The University of Illinois at Chicago has received nearly $1 million from the U.S. Department of Housing and Urban Development to study the benefits of green healthy housing.
The funding was made available through the American Recovery and Reinvestment Act of 2009.
UIC researchers will evaluate the health and monetary benefits when low-income residents move from distressed, unhealthy public housing into green, affordable, healthy housing.
At a time when the nation is simultaneously facing a housing problem, a financial crisis, unemployment, and rising health care costs, the project will help policymakers learn whether substantial savings in medical care may be achieved through green healthy housing, said David Jacobs, principal investigator of the project.
The first housing laws in this country were set up to deal with public health problems such as tuberculosis and cholera.
"The diseases we are now confronting are more chronic in nature," said Jacobs, who is adjunct associate professor of environmental and occupational health sciences at the UIC School of Public Health. "But we still think that housing plays a large role in health outcomes."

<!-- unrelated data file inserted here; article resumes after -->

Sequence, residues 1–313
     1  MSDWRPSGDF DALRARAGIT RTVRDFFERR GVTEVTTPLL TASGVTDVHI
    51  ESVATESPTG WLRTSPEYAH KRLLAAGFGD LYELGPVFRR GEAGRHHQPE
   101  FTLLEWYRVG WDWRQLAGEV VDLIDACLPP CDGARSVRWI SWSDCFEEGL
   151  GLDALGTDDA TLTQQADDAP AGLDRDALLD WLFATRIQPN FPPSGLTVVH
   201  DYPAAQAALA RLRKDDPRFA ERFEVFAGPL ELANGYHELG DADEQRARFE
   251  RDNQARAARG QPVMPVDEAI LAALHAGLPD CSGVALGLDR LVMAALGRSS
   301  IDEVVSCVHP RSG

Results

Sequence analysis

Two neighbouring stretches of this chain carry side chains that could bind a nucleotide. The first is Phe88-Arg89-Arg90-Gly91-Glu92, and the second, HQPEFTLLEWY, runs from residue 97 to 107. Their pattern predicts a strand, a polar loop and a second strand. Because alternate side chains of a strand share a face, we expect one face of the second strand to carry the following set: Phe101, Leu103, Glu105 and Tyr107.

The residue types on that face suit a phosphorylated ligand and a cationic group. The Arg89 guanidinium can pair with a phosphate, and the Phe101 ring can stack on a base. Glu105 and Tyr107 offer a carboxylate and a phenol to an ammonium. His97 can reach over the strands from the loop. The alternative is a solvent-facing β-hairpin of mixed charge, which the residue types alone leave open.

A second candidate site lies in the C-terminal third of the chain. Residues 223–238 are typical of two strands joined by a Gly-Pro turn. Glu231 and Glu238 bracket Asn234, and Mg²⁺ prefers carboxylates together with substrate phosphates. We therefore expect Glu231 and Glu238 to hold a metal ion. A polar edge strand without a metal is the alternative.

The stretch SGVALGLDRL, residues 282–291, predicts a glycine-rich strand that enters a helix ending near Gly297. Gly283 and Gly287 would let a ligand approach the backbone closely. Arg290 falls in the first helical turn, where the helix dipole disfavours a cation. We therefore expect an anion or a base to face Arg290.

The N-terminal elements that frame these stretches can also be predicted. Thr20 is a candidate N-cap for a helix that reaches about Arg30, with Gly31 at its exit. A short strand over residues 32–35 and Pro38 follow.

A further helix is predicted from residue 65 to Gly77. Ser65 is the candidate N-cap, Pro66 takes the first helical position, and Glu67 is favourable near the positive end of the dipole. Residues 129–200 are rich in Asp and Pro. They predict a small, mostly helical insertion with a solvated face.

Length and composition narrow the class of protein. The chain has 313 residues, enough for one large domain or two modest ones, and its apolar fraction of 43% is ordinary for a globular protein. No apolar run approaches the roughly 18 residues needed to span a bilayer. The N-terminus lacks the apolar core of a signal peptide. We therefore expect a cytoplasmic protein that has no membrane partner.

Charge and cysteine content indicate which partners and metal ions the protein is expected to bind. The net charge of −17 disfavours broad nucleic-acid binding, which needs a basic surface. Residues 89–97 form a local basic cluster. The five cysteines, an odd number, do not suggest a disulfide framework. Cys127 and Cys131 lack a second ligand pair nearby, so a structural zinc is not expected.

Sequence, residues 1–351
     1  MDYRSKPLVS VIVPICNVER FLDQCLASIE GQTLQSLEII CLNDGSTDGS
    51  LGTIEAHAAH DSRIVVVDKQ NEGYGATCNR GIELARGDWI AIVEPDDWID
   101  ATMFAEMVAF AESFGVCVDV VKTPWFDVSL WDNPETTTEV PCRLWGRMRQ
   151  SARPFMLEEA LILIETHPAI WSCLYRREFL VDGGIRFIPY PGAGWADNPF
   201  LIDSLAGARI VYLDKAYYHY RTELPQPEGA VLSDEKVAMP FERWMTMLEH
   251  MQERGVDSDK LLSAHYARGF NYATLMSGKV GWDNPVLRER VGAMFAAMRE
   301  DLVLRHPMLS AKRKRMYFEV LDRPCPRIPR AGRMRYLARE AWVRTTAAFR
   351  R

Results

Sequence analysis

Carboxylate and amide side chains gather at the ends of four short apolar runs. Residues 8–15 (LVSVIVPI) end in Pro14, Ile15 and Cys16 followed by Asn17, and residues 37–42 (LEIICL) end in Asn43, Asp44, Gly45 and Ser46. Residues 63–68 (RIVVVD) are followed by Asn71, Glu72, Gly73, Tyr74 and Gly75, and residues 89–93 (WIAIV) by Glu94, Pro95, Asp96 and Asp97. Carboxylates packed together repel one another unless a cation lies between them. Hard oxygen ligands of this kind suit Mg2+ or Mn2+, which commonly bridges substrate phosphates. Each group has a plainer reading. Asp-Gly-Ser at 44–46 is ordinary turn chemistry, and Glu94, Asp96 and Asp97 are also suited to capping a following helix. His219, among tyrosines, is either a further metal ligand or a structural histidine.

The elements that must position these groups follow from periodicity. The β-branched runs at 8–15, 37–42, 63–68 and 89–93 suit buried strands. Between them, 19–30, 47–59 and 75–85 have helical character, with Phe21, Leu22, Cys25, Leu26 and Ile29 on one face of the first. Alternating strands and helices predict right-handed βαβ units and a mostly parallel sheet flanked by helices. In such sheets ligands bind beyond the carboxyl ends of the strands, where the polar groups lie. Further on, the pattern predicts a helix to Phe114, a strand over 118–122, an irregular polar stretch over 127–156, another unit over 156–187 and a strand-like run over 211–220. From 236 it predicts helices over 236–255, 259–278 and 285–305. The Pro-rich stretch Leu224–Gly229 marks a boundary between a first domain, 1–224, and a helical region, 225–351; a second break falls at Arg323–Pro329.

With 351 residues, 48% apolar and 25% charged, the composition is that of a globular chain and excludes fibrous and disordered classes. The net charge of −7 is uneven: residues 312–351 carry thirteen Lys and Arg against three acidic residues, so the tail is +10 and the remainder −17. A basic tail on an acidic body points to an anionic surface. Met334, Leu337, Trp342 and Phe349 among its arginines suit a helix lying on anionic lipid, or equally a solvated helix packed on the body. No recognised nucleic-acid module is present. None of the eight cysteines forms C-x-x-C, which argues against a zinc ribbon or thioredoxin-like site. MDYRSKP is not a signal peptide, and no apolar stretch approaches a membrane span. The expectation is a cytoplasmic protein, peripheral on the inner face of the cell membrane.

The study will enroll approximately 300 residents who previously lived in dilapidated housing that has now been demolished, but who now live in new green affordable housing. The demolished housing was known for increased prevalence of asthma, respiratory health problems, lead poisoning, injuries and other health hazards, according to Jacobs.
Researchers will compare data on the residents' health status before and after they moved.
The green healthy housing, developed by Brinshore Development, LLC, has improved energy efficiency, fresh air ventilation, smooth and cleanable surfaces, integrated pest management, improved moisture control, housing components without lead-based paint, and other green features, including building envelope improvements, insu
|Contact: Sherri McGinnis Gonzlez|
University of Illinois at Chicago